Hot in Hue

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Following our unexpectedly picturesque interlude in Ninh Binh, we continued our southward journey down the curvy Vietnamese coast to the old imperial capital of Hue (pronounced hoo-ay), which sits on the banks of the poetically named Perfume River.

The Hue Citadel by night

Outside of Hanoi and Saigon, most Vietnamese towns have imposed power cuts in the summer to save on electricity of which there isn’t enough. As these things have it, the hot summer months are when people use the most electricity to power fans and air conditioners. As such, that is also when the power cuts are scheduled. Some towns cut power on alternating days, while some towns have daily cuts but at scheduled times.

Incense sticks by the Perfume River

We arrived in Hue early morning on a steaming hot day, and wouldn’t you know it, right in the middle of a power cut. We booked ourselves into an air conditioned room, only to discover that we were in the midst of a black out, and our hotel didn’t have a generator. We were exhausted from our overnight bus ride so we lay there, sweating, until we could no longer bare it, and then decided to go for breakfast and a stroll.

Marc tries to shield himself from the sun, local style.

From there on, our schedule in Hue was basically dictated by the power cuts. Some days the power would go off at 6am, and we would be forced out of bed not too late after that. The power would come back on at 2pm, when we would promptly return to the luxury of an air-conditioned room. On other days we would stay in bed a little longer, as the power wouldn’t get cut off till noon, but then we would stay out until past dinner, once the electricity was back on at 9pm.

Guarding the imperial tombs.

During our heat-enforced expulsions from our room, we visited the many Nguyen emperors’ tombs and pagodas in the Hue surrounds, as well as the Citadel, which is similar to the Forbidden City in Beijing, and heavily bombed by the Americans during the Vietnam War. Many parts of the Citadel are in a state of disrepair but slowly being renovated; despite its crumbling walls and overgrown gardens one can still see that this had once been a great, lavish and rambling compound filled with imperial opulence.

Not a royal concubine, nor a eunuch.

Interesting bit of trivia: Vietnamese emperors all had loads of concubines – one particularly energetic fellow apparently had 300 – and the “citadel within the citadel”, or the Purple Fobidden City, was where they lived and the emperor led his private life. To avoid any funny business with anyone but the emperor, the only servants allowed in this area were eunuchs.

Pagoda gate

Phuoc Dien Tower at Thien Mu Pagoda

The tombs of some of these emperors were equally impressive, and in much better condition. The most interesting of these was that of Emperor Khai Dinh, who ruled from 1916 to 1925.  Decreed by the emperors themselves, each imperial tomb is a reflection of their individual tastes and the architectural trends of the times. Emperor Khai Dinh’s tomb is perched high on a hill, and successfully mixes European and Vietnamese architectural elements to create an almost baroque feel to a very Asian structure.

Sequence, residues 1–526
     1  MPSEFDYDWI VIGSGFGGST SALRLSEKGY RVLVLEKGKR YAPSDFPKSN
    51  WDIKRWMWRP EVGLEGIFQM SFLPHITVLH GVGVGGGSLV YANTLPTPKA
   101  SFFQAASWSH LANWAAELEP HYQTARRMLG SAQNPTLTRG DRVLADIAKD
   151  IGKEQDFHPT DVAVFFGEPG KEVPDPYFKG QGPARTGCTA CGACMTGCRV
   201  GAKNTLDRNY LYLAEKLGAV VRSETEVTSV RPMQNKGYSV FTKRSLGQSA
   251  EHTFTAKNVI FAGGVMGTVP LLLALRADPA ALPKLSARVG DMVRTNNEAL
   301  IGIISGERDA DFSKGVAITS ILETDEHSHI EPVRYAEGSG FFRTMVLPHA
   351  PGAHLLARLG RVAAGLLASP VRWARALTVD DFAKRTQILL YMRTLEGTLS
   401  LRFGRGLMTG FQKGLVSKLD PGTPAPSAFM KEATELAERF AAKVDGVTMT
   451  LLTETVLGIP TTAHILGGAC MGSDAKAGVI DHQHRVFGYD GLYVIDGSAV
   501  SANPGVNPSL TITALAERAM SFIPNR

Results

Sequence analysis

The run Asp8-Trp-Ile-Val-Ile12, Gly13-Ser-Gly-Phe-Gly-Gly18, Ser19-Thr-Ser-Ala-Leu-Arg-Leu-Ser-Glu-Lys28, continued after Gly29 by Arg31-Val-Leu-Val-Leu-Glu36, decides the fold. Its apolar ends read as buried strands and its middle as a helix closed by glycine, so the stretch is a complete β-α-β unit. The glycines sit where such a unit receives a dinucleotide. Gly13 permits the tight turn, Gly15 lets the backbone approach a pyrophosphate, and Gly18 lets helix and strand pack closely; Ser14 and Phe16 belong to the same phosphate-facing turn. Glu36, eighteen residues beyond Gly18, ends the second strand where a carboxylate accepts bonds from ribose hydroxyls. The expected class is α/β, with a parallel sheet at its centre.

Emperor Khai Dinh's tomb

Modestly decorated inside.

Marc wants to order this as a banister in his London home.

Our visit to Hue also coincided with the start of the biennial Hue Festival, which brings artists and both Vietnamese and international performers to the city for ten days of exhibitions, concerts and plays. One evening, on our post-dinner stroll, we heard some jazz coming out of a courtyard next to one of the restaurants. We got closer to take a look and, sure enough, there was a 12-piece brass band playing jazz funk to a gaping Vietnamese audience and the Western diners at the French restaurant. Some Western guys started break dancing to the music, and, soon enough, the Vietnamese audience were clapping and swaying to the music as well, smiling and whooping. It was one of those cheesy moments where you think, music truly does break barriers.

Impromptu jazz and breakdancing session

Optimistic about the Festival, we decided to attend the opening ceremony, which would be held in front of the Citadel the night before we left. How wrong we were. Seated in front of a giant field with the stage far off in front of us, we sat through speeches we did not understand and dancing we could barely make out, to music that was too slow.

Not even the fireworks could make us stay.

To top things off, it started pouring before we were half-way through. We decided to abandon our mission and walked back in the rain, huddled under our one mini umbrella we had bought in Hong Kong but still getting soaked, and went for dinner feeling grumpy and pretty miserable.

Unhappy campers

But all’s well that ends well: we discovered a great little restaurant off the gringo guesthouse alley/banana pancake trail, which was cheap and delicious with all the Vietnamese favourites and local specialties on the menu. We liked it so much we went back the next day for an early lunch before we continued onto our next destination, Hoi An.

Obligatory food shot of happiness.

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One Response to “Hot in Hue”

  1. cynthia cutler Says:

    I have visited Hue but not when the power cuts were on. You are both still having a fantastic adventure. Where to next I ask !!!

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